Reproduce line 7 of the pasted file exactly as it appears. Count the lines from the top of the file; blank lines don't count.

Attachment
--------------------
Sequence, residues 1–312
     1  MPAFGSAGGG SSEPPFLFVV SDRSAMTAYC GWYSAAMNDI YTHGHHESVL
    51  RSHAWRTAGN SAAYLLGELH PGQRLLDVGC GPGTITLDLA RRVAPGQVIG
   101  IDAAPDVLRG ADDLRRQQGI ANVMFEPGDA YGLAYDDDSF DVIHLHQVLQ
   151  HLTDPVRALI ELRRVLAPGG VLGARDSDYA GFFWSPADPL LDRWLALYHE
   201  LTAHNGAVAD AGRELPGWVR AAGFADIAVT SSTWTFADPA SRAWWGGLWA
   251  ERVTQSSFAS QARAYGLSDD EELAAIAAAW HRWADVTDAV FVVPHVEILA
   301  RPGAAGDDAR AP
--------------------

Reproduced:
   251  ERVTQSSFAS QARAYGLSDD EELAAIAAAW HRWADVTDAV FVVPHVEILA